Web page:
“To save on energy, install a room temperature controller such as the ION Tx PIR. It’s basically a smart thermostat that controls the overall temperature using a network of occupancy sensors in various rooms in a home. It can be paired with the air conditioner or, even better, with less energy-consuming ceiling fans.

“Whatever electronics you have in your house, it’s best not to leave them on standby. Switch them off when not in use. This simple energy-cutting solution can save up to 20 per cent on your electricity bill.

“If you live in a windy location, install Motorwind [] turbines to produce part of your electricity without drawing it all from the [electricity] grid. The nylon turbines can be installed on balconies of flats or rooftops of buildings and generate electricity at wind speeds as low as 2 metres per second.

“For cleaner transport, I think people should support the Hong Kong-made electric car designed by EuAuto Technology []. All you need to do is plug the car into a standard household socket for six to eight hours to recharge its batteries. Once the vehicle has been fully charged, you’re ready to go – and at speeds of up to 40mph.”

James Ockenden, publisher of environmental technology, engineering and finance magazine Blue Skies China [], believes that prudent investment decisions could make a big difference.

“Buy a clean-tech mutual fund but watch where the money is invested. Some high-street `climate change’ funds invest in Toyota, claiming hybrid development is worthy of green money. That is debatable. Make sure the fund manager’s definition of `green’ aligns with yours. If you have US$50,000 to invest, consider a specialist Chinese venture capital fund. The money will go pretty much directly into a clean technology start-up.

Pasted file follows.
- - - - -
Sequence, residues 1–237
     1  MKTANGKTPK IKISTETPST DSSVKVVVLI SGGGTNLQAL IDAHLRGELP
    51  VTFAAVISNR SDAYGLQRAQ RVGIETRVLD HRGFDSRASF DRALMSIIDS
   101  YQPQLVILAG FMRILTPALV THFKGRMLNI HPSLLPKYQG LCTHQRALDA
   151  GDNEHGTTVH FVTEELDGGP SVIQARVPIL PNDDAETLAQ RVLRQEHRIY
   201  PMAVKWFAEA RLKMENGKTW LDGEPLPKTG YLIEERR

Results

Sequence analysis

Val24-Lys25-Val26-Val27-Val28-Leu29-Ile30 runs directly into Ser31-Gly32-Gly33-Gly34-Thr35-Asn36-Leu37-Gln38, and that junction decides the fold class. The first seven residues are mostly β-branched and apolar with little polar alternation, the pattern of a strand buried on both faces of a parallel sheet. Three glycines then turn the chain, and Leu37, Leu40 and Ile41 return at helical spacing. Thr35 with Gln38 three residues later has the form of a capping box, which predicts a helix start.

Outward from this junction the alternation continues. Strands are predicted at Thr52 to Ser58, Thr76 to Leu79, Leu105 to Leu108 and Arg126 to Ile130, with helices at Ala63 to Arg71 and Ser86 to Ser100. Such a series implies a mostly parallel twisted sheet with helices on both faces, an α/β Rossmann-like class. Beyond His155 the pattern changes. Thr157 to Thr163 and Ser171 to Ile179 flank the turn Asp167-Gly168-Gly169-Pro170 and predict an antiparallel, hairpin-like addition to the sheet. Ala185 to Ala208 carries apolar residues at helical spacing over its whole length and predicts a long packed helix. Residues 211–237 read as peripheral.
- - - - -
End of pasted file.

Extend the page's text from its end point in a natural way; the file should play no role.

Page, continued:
“Watch your carbon offsets [a carbon offset is a financial instrument representing a reduction in greenhouse-gas emissions]. Choose a well-audited scheme such as [the non-profit US organisation buys and retires certified carbon offsets for its donors]. You can be sure your money will actually go towards making industry pay more for the right to produce carbon dioxide [CO2] emissions. A tonne of CO2 reduction costs from €20 [HK$230] to €30 in the European market, while some retail schemes charge 10 times that for questionable, even worthless, carbon certificates.

“Don’t pick up the IPO prospectus; try to read it online when possible. The Hong Kong stock exchange is experimenting with electronic market information. If successful, it could be applied to the Chinese stock markets, saving billions of pages of ink and paper each year.

“Ditch the car, get a trolley [to carry bulky goods]. The classic Hong Kong trolley, which costs HK$300 and up, is a remarkable piece of clean-tech engineering – it’s green like a bicycle, carries a decent payload and fits into a taxi for long trips.